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Blog: Friday, September 13th, 2019

Mirroring our Schools’ Values

in the Design of Leadership and Adult Learning

In preparation for the new school year, secondary school principals and vice-principals spent a few days in August engaged in an inquiry around the following question: How might we foster engagement of deeper learning with the adults in our school community? In pursuing this inquiry, we had two guiding principles:

Student learning and adult learning are symmetrical. There is a parallelism between the work of adults in the system and the work we hope that teachers will do with students. So, tackling this inquiry would require a focus toward collaborative capacity building;

Emergence is accelerated by leadership. In working together around this inquiry, we would model a cycle of knowledge creation that, as in our schools, would enact, nurture, and grow the energy and capacity in the groups, supporting more lateral and organic (non-hierarchical) connections to emerge.

With these principles in place, we divided ourselves into groups and dove headfirst into a hackathon, an intense brainstorming and development session followed by a “pitch” session – think project-based learning methodology combined with an educational version of Shark Tank. As groups worked through their inquiries and product creation, what became clear was that a stream of valuable ideas was being exchanged. The cultural effect? The awakening of an experimentation and innovation mindset framed within a fun and engaging pursuit.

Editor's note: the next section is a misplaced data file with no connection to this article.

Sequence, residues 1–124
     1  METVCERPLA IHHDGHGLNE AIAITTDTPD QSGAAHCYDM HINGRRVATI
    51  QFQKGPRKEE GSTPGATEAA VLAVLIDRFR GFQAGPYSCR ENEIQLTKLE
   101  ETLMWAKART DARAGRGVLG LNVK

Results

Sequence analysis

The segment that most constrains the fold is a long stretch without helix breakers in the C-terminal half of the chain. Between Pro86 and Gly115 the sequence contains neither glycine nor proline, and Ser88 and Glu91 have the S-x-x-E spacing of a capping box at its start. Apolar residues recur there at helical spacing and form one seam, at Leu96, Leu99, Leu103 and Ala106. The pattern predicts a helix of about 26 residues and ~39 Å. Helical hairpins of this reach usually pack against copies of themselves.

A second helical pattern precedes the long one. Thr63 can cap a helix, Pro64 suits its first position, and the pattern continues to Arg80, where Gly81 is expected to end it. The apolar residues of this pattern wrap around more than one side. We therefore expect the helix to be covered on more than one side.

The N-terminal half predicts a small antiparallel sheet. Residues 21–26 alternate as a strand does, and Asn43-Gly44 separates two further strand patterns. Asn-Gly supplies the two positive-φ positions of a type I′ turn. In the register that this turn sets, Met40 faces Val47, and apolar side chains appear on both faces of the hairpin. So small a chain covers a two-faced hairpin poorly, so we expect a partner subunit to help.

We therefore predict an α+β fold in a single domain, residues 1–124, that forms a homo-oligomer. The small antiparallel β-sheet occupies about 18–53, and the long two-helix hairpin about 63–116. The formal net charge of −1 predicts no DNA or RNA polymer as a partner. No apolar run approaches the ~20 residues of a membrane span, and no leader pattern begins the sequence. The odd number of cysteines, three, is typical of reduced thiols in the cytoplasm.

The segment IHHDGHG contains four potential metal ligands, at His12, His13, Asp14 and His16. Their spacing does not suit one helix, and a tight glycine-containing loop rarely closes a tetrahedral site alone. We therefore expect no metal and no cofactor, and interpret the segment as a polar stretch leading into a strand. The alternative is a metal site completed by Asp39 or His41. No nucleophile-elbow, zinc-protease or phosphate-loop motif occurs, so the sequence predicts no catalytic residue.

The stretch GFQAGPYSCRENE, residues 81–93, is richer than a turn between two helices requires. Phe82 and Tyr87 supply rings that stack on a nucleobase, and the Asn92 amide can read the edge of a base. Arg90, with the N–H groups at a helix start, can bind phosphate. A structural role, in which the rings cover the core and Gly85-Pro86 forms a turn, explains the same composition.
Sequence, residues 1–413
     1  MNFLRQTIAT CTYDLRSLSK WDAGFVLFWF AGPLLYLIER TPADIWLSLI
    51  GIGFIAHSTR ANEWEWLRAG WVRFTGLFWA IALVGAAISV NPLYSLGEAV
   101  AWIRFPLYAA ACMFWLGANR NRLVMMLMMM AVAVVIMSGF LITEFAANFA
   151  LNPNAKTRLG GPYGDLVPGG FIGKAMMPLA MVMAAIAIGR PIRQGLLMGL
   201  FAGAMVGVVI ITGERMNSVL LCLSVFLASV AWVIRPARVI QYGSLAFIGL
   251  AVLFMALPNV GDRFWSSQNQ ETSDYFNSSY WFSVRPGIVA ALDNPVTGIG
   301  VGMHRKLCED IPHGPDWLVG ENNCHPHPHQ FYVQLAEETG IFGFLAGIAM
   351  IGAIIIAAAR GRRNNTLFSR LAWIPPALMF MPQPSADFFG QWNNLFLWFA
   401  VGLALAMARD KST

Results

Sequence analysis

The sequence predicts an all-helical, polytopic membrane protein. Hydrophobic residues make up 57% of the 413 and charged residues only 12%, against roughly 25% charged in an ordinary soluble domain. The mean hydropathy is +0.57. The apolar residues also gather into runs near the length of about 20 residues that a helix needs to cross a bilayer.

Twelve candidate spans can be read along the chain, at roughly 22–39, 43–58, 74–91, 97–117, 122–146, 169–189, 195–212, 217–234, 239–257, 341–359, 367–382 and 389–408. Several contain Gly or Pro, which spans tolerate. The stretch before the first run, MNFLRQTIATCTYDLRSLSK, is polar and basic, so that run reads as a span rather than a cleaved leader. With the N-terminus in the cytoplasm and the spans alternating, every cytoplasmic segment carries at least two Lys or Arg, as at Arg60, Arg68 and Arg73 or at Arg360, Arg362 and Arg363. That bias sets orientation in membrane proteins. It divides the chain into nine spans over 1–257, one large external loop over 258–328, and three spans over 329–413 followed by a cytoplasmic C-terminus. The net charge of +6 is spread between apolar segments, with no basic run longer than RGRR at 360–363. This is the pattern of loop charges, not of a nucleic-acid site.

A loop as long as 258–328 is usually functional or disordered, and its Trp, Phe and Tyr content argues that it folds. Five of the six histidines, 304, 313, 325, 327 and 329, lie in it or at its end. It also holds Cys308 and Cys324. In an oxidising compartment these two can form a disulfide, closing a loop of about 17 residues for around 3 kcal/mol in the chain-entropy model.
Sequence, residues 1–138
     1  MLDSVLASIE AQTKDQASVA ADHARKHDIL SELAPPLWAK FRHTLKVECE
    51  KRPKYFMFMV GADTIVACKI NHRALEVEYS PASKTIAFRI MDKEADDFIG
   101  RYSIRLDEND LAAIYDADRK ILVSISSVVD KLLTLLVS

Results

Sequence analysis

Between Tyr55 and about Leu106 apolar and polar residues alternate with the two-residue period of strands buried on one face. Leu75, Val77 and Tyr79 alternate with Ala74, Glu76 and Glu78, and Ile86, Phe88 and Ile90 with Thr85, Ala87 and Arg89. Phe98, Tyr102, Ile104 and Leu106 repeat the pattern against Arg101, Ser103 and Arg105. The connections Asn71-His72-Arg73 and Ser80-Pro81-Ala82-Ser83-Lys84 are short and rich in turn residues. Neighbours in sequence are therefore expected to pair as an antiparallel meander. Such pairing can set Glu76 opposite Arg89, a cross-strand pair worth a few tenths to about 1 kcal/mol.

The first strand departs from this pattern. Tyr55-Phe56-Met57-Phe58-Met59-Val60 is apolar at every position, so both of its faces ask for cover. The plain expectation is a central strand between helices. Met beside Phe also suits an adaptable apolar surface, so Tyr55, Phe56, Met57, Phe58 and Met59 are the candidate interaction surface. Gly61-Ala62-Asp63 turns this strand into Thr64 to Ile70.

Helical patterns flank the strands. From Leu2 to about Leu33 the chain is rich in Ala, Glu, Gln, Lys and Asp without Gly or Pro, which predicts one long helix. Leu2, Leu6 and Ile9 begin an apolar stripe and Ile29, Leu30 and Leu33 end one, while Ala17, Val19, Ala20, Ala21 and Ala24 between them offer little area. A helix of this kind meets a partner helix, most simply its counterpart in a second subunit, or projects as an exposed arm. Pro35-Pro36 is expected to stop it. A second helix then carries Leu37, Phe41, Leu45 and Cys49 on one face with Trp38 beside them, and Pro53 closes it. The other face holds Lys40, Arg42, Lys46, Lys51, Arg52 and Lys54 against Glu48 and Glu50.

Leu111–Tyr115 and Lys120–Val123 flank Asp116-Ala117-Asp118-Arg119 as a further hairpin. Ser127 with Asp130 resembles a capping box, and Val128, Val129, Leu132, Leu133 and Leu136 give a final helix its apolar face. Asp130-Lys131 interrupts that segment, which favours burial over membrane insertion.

As the day came to a close, what became evident was that the processes we engaged in and the discoveries we made had a significance beyond the immediacy of this activity – like in our own classrooms, specific content facilitated the development of transferable competencies. We began to develop new forms of what Ronald Heifetz terms improvisational expertise: “a kind of process of expertise that knows prudently how to experiment with never-been-tried-before relationships, means of communication and ways of interreacting that will help develop solutions that build upon and surpass present wisdom”. We engaged in the art of what Jeff Kluger calls simplexity: “making the complex simple in terms of understanding and coherence”- so important with all the white noise that surrounds us daily. We grew in our appreciation that in challenging expectations and finding a way to push, encourage, disappoint, we need to ensure that we don’t push those we are learning with completely over the edge.

In the end, isn’t this the type of student learning that is taking place in our classrooms. Shouldn’t it also inform our own adult learning?

Assistant Superintendent